»Awake, Lyre and Harp!«
»Oma, is it evening already? «, my three year old granddaughter asks repeatedly during the afternoon in these weeks. While I try to explain the difference of the length of a day in summer and in winter, I think to myself Indeed, the night is long and is currently growing longer.
The Jesuit Friedrich von Spee lived through a long »night time«. In this time the Thirty Year War was raging, as well as the witch-hunts, which weighed heavily on him. And repeatedly the plague wiped out many people.
He was deeply aware – and people of all ages know this – of what Isaiah spoke: »The people who live in darkness … who live in the land of deep darkness, . . .« (Isaiah 9). Martin Buber translates it this way: »The people, who walk in darkness… the settlers of the land of death shadows «. What darkness enveloped and envelops peoples of all ages: the darkness of personal strokes of fate, disorientation, illnesses, epidemics; the darkness of injustice and atrocities, of war and oppression, of hunger and being displaced. How dark is our sight when the very foundations of life threaten to be lost!
Friedrich von Spee shows us the way how we can move through such times without letting ourselves be ruled by the severity and perhaps paralyzed by it. He writes songs, indeed, he sings!
One of his most famous songs is an oft sung Advent carol:
O Savior, tear the heavens wide!
come down from heaven to abide!
The gates of heaven tear away;
break down where locks and bars hold sway!
O God, in heav'nly dew pour down,,
in dew, O Savior to us flow!
O clouds, let fall and bring in rain
a King o'er Jacob's house to reign!
Friedrich von Spee experiences such a great, comprehensive darkness, that only a tearing open of the heavens can bring salvation. It takes divine power and strength to break down locks and to make a glimmer of light visible once more. The time is pressing and the need is great, the saviour should make haste, indeed, run. A tenderness of God is needed, the »dew« that gives the elixir of life. Yet, he cannot drip into such distress, no, he must flow and hasten to bring the saviour. Spee has the plea and the vision that the dark clouds break open and the rain of salvation pour down, the true king of his people.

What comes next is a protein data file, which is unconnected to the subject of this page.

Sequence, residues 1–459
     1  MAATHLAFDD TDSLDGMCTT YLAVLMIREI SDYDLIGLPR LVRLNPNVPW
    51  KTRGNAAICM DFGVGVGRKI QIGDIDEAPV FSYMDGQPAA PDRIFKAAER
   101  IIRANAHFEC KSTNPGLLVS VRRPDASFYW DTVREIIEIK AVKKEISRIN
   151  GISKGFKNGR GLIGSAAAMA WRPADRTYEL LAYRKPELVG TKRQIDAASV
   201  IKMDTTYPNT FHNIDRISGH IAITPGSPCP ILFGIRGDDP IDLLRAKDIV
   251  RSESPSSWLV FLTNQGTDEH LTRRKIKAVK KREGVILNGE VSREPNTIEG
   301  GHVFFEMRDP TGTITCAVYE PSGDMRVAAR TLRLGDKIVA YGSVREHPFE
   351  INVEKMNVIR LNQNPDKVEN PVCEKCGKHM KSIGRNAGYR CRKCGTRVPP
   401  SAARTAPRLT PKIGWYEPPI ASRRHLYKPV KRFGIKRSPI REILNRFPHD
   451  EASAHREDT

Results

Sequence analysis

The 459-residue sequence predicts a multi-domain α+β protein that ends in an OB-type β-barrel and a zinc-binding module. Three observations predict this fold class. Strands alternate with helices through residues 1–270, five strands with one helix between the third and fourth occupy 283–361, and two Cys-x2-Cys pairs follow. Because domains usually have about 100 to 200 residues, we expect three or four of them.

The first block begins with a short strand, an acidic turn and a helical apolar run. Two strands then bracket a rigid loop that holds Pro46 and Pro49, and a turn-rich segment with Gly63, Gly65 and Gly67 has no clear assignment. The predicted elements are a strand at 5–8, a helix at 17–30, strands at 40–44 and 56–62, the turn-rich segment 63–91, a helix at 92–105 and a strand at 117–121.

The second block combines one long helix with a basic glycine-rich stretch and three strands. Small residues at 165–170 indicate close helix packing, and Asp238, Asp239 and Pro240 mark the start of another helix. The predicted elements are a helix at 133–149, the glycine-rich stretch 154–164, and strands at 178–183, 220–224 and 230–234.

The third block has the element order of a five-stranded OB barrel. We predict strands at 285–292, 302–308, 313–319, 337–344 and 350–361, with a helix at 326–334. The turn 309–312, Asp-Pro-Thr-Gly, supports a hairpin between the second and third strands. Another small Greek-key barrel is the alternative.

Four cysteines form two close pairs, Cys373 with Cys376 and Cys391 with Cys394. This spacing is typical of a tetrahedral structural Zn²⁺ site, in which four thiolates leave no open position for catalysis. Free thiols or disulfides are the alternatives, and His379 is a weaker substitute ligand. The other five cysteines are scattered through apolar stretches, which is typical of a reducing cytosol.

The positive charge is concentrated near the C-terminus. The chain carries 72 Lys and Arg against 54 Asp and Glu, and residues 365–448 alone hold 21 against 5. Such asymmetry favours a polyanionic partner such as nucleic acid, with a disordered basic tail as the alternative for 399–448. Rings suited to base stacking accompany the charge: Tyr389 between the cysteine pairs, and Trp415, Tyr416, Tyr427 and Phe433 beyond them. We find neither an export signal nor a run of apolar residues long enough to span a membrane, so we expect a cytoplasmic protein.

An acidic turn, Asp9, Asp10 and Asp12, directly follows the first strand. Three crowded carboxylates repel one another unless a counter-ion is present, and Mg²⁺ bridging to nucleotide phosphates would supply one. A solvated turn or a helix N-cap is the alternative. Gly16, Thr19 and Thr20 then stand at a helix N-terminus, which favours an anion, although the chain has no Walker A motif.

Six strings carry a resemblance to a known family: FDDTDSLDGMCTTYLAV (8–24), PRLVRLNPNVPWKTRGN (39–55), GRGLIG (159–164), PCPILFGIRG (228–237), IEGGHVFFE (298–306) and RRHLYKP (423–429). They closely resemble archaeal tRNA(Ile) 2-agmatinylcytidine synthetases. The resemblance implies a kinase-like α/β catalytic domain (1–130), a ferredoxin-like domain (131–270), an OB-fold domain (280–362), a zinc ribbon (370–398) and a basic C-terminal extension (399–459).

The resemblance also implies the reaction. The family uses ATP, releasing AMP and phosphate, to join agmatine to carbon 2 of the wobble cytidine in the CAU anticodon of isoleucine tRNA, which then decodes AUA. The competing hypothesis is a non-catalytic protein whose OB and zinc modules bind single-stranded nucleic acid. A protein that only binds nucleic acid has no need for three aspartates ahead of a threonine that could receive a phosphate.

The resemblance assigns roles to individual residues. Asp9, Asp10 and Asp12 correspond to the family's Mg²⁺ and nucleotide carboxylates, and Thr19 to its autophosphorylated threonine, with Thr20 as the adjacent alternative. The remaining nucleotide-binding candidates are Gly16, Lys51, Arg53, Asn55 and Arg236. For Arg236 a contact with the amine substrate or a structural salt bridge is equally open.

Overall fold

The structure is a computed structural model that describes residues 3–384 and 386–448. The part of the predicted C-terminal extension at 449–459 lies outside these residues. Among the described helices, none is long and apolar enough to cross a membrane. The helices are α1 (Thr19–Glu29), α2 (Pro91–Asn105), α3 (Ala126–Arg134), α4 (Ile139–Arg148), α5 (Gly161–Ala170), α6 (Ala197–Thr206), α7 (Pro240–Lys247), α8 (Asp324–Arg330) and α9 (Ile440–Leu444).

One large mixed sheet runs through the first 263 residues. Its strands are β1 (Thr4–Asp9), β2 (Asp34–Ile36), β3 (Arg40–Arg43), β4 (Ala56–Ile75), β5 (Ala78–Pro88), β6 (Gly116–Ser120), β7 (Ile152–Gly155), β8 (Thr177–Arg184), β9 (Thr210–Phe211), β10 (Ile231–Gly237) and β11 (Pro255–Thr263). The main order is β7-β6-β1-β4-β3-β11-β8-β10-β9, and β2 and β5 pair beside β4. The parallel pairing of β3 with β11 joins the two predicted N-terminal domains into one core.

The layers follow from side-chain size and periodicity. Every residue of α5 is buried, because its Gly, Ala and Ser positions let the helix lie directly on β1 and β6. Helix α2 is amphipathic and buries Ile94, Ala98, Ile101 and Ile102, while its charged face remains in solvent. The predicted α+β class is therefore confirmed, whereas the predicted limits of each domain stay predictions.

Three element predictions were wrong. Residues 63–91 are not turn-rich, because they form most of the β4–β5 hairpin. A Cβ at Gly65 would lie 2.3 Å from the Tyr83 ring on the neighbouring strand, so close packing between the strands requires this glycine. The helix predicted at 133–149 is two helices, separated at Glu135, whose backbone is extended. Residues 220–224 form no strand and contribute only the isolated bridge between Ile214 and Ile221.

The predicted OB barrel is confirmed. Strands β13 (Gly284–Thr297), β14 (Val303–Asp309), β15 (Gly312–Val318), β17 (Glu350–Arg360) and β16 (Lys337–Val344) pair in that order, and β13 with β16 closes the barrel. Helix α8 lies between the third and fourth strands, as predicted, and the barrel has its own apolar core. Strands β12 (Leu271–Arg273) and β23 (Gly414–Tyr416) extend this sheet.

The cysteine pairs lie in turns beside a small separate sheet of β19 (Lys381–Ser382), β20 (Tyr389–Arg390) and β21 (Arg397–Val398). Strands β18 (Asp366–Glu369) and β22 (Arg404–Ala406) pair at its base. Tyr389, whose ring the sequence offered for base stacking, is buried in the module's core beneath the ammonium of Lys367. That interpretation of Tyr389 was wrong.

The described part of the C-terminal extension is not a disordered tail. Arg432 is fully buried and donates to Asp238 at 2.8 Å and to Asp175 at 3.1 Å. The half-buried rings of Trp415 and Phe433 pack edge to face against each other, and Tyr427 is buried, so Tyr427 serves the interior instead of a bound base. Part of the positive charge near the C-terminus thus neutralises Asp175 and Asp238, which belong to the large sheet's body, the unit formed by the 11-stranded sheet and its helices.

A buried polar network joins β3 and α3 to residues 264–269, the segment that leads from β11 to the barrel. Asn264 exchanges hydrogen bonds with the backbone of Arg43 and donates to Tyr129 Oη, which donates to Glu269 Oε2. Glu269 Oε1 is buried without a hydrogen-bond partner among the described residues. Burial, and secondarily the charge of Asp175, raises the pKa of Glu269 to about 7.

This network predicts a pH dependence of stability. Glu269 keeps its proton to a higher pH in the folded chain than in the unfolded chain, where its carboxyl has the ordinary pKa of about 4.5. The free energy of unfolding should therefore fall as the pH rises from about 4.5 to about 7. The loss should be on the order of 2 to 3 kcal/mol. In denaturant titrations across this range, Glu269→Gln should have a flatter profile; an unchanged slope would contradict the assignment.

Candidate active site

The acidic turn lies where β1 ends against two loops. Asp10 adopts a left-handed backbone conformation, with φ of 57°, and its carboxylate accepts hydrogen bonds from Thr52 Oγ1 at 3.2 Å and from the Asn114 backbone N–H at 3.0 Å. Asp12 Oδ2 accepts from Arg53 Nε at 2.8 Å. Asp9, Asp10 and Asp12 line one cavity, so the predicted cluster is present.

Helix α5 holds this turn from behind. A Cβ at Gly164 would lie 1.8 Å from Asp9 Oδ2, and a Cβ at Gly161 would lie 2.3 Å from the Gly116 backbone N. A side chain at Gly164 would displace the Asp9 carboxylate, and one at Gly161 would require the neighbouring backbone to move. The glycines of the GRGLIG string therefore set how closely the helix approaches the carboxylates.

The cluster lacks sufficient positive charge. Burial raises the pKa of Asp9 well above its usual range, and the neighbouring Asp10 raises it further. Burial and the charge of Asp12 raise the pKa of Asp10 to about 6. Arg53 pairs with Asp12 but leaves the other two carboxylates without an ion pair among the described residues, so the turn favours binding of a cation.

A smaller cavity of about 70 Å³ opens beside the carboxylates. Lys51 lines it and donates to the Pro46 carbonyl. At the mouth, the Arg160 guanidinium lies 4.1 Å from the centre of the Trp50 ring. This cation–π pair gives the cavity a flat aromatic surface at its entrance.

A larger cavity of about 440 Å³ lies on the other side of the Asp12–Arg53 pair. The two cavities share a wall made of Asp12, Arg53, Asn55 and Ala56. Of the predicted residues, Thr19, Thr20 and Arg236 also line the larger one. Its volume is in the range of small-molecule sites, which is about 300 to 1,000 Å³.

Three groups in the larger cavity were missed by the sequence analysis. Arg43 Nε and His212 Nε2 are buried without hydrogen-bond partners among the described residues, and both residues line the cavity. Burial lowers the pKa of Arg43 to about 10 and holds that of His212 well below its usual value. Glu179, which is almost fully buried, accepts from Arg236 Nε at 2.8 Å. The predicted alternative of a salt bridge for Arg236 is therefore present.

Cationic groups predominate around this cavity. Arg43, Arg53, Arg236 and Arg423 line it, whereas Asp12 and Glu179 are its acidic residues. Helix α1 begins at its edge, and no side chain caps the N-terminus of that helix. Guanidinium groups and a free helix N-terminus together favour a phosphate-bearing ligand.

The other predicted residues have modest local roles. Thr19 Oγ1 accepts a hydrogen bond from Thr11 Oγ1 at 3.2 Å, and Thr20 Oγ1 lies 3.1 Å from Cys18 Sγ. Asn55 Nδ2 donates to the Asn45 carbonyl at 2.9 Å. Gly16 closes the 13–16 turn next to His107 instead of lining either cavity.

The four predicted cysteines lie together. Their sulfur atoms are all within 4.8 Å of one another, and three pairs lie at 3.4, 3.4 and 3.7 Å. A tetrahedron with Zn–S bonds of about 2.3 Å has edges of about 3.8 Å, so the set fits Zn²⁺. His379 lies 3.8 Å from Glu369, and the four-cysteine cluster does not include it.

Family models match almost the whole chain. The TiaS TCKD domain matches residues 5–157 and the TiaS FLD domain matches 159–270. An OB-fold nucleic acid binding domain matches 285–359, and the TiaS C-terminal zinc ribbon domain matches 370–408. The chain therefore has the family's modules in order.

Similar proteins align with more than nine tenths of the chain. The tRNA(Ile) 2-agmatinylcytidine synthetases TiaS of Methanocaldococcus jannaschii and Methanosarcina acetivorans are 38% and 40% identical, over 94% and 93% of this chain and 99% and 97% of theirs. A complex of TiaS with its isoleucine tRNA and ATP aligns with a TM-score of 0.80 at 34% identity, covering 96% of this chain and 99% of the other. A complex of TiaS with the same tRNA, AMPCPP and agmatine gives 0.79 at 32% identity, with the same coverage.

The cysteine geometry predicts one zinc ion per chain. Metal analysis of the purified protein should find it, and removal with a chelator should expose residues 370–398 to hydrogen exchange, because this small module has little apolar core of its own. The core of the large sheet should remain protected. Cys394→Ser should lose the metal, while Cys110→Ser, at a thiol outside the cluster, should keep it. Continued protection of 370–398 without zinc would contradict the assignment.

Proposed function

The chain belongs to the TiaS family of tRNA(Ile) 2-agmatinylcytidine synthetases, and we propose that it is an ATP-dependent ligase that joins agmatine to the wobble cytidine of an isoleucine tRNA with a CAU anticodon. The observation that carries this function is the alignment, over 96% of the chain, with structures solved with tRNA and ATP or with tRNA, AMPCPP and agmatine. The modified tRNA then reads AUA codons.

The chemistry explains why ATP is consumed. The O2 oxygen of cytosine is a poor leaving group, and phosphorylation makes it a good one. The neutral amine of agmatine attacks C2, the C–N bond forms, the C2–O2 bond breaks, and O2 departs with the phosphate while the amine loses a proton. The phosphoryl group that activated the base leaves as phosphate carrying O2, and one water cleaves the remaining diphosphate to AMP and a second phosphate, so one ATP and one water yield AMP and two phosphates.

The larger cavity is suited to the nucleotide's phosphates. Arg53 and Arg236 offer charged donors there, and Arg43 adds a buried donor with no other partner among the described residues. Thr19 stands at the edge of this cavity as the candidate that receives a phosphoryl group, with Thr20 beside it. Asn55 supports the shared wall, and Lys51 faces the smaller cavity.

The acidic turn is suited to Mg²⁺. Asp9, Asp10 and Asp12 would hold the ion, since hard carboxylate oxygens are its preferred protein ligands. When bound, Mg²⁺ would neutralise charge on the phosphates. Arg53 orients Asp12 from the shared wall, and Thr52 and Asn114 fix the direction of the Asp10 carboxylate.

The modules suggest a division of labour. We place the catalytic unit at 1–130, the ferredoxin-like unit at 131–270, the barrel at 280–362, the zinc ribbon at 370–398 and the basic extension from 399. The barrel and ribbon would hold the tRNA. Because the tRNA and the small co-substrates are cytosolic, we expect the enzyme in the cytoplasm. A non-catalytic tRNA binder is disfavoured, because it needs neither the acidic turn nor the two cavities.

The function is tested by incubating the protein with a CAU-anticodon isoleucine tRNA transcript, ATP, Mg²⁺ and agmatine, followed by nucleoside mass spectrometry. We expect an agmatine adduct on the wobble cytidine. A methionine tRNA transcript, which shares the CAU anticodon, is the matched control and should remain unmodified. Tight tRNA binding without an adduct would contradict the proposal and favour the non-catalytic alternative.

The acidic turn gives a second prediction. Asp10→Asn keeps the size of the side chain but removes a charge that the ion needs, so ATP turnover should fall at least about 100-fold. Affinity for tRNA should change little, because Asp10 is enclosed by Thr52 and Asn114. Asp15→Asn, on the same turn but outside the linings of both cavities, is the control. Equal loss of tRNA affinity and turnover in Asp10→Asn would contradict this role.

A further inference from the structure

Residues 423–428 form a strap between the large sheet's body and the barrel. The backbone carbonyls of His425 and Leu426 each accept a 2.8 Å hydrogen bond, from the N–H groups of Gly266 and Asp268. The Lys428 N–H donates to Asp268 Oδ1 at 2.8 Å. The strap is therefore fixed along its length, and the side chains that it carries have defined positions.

He turns his great concern and this firmly grounded hope into a song – not a song for distraction or to raise our spirits. This song is directed toward God; it does not deny reality, but it speaks of hope and visions founded on the experiences of the People of God in ancient times. It is never a matter of giving up on earth in the face of such distress and severity or of merely protesting. No, singing gives the strength to endure and carry on. Spee himself dies in 1635 at the age of 44 while ministering to a plague victim.
He left us a treasure and a wisdom: Sing in the dark in order not to lose courage! Sing of that which carries you, so that you do not lose hope! Go with God, sing loud and long, rejoicing and pleading, weeping and seeking!
Can we today, in our over-lighted, blinking Advent sing like that? Do we practice that and to we practice Advent living in order to experience with Isaiah: »The people that dwell in darkness have seen a great light; on those living in the land of deep darkness a light has dawned.« ? (Is 9, 1)
Vallendar, December 6th, 2019